Do values do all the work?

It's a misleading question. Does the framing and foundation of your house give it shape and structure? Yes, but the design, style and look of the house overlays the structure, and people see only what is on the surface.

A painting with an incorrect or wonky value structure will be awkward. The light will look wrong. Forms won't turn in the space properly.  It will lack atmosphere or depth.  This is true no matter if you paint directly or indirectly, or some combination of the two.

I can tell you from experience that even though I've been using Munsell to mix my paints for 16 years, and I mix values correctly through daily practice, laying paint down means that those correct values will be impacted by the surface they go down on. 

It's not enough to mix and paint an area once and expect the value of the dry paint to math what you mixed. 

It will not. 

If you work on a white surface your initial layers of paint will be higher in chroma than what you mixed, by about 2 chroma steps. 

If you work on a middle value toned canvas your initial color will be lower in value and chroma. Etc.

The only solution I've found to this is to have the ability to restate my values. That's why, if you follow me on social media, you'll see me do several underpainting sessions just to get the values correct. Paint does strange things and as painters we need to know how to make it do what we want. 

 Values give shape and form to your subjects. 

• Atmosphere, the sense that the space is not flat or empty, comes from superb control of values. 

 The more compressed the value range of your painting the more important your command of values becomes.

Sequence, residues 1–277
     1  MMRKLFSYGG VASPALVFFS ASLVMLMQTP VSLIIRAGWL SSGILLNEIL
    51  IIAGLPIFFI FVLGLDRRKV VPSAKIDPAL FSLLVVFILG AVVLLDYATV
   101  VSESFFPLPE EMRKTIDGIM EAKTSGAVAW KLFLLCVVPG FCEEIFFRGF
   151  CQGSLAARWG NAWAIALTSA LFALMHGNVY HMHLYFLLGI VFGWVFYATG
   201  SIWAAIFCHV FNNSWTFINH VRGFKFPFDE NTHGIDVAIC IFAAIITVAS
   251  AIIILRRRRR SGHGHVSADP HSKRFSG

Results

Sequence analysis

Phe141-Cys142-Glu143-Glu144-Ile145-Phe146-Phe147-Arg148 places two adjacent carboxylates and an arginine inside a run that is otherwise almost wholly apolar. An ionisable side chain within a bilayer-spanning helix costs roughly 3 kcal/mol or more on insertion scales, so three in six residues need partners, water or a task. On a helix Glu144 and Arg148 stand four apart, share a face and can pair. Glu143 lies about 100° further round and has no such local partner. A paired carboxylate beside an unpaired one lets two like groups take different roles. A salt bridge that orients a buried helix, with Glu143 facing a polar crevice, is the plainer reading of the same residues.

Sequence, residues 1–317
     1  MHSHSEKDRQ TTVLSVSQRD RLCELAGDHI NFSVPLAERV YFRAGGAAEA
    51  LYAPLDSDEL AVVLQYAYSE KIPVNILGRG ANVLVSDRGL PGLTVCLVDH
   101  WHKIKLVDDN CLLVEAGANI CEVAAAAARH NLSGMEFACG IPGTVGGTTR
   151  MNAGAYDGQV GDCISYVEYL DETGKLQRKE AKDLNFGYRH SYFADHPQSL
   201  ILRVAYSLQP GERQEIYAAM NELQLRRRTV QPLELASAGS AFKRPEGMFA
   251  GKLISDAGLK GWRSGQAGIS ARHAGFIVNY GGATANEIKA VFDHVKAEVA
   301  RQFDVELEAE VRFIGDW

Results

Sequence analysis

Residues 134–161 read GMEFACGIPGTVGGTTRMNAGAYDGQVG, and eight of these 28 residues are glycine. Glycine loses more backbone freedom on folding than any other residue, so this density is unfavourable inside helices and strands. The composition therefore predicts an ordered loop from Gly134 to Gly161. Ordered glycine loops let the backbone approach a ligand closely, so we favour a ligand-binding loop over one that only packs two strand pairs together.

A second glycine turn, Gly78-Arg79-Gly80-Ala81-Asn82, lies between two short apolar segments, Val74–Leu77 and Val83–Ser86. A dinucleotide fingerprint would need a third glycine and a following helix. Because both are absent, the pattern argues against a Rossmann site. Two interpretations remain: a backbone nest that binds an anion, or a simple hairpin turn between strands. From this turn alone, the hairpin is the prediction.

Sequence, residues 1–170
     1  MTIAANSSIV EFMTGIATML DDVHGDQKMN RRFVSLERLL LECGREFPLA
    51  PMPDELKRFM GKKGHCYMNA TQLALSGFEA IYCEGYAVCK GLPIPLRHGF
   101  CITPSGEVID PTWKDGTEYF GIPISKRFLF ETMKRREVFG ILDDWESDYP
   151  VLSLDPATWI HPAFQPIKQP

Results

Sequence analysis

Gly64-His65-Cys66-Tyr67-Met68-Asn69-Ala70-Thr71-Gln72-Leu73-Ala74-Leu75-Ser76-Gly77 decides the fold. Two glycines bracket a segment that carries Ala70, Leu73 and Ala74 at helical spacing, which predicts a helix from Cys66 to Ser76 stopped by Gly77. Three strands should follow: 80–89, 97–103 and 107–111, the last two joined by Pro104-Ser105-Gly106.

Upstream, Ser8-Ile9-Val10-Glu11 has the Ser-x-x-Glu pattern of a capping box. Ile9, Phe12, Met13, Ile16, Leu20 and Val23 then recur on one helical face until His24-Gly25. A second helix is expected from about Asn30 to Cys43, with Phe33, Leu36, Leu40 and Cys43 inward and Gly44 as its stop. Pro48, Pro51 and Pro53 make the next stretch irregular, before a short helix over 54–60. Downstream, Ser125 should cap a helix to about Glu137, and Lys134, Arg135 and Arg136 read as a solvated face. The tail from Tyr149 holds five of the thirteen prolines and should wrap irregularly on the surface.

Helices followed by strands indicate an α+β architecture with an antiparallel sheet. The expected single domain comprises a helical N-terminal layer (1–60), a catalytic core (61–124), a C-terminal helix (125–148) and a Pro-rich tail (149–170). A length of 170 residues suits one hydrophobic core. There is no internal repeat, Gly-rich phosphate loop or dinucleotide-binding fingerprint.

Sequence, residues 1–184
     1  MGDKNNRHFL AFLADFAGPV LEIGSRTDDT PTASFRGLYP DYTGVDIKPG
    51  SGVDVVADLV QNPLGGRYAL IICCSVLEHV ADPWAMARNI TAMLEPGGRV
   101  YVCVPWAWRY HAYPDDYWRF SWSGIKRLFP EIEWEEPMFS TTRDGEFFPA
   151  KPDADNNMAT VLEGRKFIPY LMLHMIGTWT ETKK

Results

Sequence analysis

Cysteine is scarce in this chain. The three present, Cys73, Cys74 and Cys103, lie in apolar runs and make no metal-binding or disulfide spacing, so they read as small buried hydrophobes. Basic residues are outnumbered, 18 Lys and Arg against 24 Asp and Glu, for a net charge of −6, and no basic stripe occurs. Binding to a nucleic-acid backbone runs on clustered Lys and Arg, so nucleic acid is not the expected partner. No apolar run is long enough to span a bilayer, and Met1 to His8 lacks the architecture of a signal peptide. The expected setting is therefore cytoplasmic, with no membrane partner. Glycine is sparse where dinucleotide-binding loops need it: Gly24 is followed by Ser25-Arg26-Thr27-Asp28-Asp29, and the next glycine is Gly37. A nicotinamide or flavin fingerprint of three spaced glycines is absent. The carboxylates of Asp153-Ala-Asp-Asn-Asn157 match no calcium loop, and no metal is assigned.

A painting with compressed values, as in alla prima, can be quite beautiful if the values are compressed correctly.    

 A full value range will give your work an unquestioned sense of reality. 

Values are the underpinning of every painting, no matter what the style. 

Humans can see just over 1,000 subtle value shifts. No matter how much light is present we cannot see more than this many values. We see more subtlety in a dark space than in full light.

It's a survival advantage. Our ancestors didn't need to see subtle shifts in good light, but in a dark cave it was good to be able to see that the stick you were reaching for was actually a snake. 

As artists we probably don't spend that much time in caves but our brain still functions as if we do. This is why it's critical to see the large structure and forms before focusing on the smaller.

One of the tempting things about using photo reference is being able to zoom in on an area. It's a great advantage if you have a reliable guide to the values you're actually seeing. But that quirk of the brain I described above is busy tricking you while you're zoomed in. It's throwing off your ability to judge just how dark or light forms are. 

If you want to be able to translate photos into accurate value maps this tutorial will give you that skill. You'll need Photoshop or Affinity Photo. Other programs might work but I can't speak to them. 

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